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Regarding Storing information in certain data types

I was trying to find a more appropriate tag for this question and couldn't. It is about implementation of variables, but not really about programming languages. It is not really computer architecture (but it is a bit related). It is not really memory-allocation, but it has something to do with memory and the way we keep information in the computer (e.g., register vs memory).

I feel that a tag is missing here, but can't put my finger on the right terms. "implementation"? "Low-level Design"? "hardware-software relation"? Help?


PS.

I had a similar feeling with Could you explain this signed fixed point number equation?; it is definitely about binary arithmetic, but I felt it should be tagged also as related to computer-architecture (which it is not!). As if a tag that deals with the implementation of things is missing.

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    $\begingroup$ I would go with programming-languages and compilers. (The question is essentially about types of integers in the programming languages in which YouTube servers are written, probably C++ or Java, and why they choose int32 for counters. One can go further and ask why C++/Java choose these and do not have an unbounded int type.) $\endgroup$ – Kaveh Aug 18 '15 at 0:02
  • $\begingroup$ (Or one can ask why processors do not support such types.) $\endgroup$ – Kaveh Aug 18 '15 at 0:09
  • $\begingroup$ I think this question offtopic and should be on Stack Overflow. $\endgroup$ – Raphael Aug 18 '15 at 8:58
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    $\begingroup$ @Raphael I strongly object. $\endgroup$ – Ran G. Aug 18 '15 at 13:49
  • $\begingroup$ How is "why does Google implement X like this?" with programming-related X a computer science question? $\endgroup$ – Raphael Aug 18 '15 at 15:06
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    $\begingroup$ It has nothing to do with "how Google implement". There are two questions there: (1) is is possible to store a varying amount of information (2) Why this is not being used. Both are fundamental concepts of computer arrangement and programming. Every CS program I know has a class about these issues (along with memory allocation and low-level programming) usually during the 2nd year. $\endgroup$ – Ran G. Aug 18 '15 at 16:59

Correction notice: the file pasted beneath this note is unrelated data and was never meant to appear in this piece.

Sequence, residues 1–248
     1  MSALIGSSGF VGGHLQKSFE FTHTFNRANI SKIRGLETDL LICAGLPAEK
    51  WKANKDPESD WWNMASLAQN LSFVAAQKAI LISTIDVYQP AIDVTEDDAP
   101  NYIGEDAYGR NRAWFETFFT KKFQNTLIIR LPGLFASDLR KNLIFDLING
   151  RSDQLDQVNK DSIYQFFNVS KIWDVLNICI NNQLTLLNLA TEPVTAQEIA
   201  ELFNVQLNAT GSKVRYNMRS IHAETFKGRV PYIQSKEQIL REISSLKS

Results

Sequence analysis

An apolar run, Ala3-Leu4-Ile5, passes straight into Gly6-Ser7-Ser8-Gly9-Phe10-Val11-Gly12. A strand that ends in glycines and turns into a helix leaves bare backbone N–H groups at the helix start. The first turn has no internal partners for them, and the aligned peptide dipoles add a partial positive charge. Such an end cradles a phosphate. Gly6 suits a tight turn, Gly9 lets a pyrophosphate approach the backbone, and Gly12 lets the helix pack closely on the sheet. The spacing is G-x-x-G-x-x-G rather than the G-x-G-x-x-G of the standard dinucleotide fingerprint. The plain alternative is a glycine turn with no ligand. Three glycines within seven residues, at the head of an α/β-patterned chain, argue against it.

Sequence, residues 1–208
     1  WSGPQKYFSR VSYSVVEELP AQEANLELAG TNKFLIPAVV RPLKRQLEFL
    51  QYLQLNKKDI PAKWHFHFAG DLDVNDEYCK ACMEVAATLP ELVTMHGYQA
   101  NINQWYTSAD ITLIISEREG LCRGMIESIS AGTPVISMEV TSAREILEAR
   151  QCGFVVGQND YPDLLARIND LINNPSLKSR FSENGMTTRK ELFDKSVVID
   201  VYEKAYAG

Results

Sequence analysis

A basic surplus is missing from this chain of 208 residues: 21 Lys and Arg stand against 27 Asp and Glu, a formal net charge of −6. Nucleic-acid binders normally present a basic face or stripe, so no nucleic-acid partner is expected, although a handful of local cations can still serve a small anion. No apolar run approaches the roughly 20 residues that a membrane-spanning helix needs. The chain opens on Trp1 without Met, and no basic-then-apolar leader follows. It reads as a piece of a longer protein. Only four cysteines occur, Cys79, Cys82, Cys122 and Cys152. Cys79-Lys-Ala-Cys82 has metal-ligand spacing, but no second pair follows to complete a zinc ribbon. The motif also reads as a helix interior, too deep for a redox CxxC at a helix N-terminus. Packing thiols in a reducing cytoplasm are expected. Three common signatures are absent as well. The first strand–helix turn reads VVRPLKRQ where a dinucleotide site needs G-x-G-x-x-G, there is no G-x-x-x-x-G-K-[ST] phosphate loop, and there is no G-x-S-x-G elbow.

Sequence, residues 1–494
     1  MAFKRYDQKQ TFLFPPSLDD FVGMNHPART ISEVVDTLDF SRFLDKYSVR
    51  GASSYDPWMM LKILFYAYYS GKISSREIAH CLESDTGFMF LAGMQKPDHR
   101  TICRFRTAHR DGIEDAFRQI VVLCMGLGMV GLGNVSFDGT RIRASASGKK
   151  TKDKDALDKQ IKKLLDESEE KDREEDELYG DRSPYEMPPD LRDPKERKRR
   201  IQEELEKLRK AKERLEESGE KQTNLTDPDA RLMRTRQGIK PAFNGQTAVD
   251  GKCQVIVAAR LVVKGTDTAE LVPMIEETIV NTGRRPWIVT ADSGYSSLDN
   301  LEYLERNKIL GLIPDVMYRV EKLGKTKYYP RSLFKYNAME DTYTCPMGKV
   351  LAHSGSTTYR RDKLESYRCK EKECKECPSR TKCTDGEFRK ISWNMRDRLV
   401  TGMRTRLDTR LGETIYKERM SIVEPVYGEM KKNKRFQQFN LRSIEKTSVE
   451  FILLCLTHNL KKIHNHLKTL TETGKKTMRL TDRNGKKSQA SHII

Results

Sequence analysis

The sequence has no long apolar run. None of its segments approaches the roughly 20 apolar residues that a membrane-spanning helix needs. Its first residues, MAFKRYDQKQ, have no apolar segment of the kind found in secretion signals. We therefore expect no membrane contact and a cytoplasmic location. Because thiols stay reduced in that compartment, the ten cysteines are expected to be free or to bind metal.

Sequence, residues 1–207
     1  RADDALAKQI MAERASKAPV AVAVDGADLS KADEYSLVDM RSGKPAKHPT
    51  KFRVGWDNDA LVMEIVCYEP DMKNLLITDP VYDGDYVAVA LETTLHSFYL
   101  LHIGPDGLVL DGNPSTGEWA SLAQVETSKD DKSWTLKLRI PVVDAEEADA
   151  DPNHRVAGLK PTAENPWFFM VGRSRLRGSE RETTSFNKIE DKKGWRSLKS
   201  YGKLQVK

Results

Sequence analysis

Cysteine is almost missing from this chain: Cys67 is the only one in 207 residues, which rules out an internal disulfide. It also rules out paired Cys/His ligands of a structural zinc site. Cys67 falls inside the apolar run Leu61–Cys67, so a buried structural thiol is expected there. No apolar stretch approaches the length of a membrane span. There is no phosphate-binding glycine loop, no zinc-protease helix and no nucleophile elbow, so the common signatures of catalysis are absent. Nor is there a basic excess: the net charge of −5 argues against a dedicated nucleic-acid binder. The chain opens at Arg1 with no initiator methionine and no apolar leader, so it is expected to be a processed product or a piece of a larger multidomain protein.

• $\begingroup$ Then please edit the question onto the conceptual plane. $\endgroup$ – Raphael Aug 19 '15 at 11:40
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    $\begingroup$ @Raphael I see no problem in the question as it is. $\endgroup$ – Ran G. Aug 19 '15 at 13:05
  • $\begingroup$ Let's continue that discussion in chat. $\endgroup$ – Raphael Aug 19 '15 at 13:15
  • $\begingroup$ not every tag has been "discovered" even as the site reaches some level of maturity! folksonomy / wikipedia $\endgroup$ – vzn Aug 19 '15 at 15:17
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I'll suggest a new tag , to cover all the algorithms a programming language needs to provide to make itself work (stack management, dynamic memory management and/or garbage collection, threading libraries, basic math libraries, stack unwinding for exception handling, float-to-string and string-to-float conversion, dynamic dispatch, ...).

For this particular question, I also added tag because this is a question about arbitrary precision arithmetic.

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  • $\begingroup$ My answer notwithstanding, this seems to be a reasonable proposal. Assuming that "runtime systems" is the technical umbrella term for the things you list, which I can not confirm. $\endgroup$ – Raphael Aug 19 '15 at 13:19
  • $\begingroup$ Given the feedback, however thin, I think you should start using the tag and see where it leads us. I don't feel able to decide where the tag is appropriate, so please add it where you see fit. I'm sure talking to Gilles in Computer Science Chat to hash out the specifics can be worthwhile. $\endgroup$ – Raphael Sep 9 '15 at 10:19
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For this particular question, and maybe to whole complex you are thinking about, we do not need a tag. Such questions are offtopic.

The computer science answer is easy: there is no conceptual problem with creating data types for arbitrary amounts of data. There is also no conceptual problem with building registers that are likely to handle any viewcount Youtube can ever achieve.

Therefore, answers to such questions are based in practical limitations which, to my understanding, are beyond our scope.

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    $\begingroup$ There are plenty of conceptual problems with creating data types for arbitrary amounts of data, including ensuring the correctness of the representation, access performance, resource requirements, etc. This involves several branches of computer science such as data structures and algorithms, execution models and compilers, and processor architecture. $\endgroup$ – Gilles 'SO- stop being evil' Aug 19 '15 at 19:26

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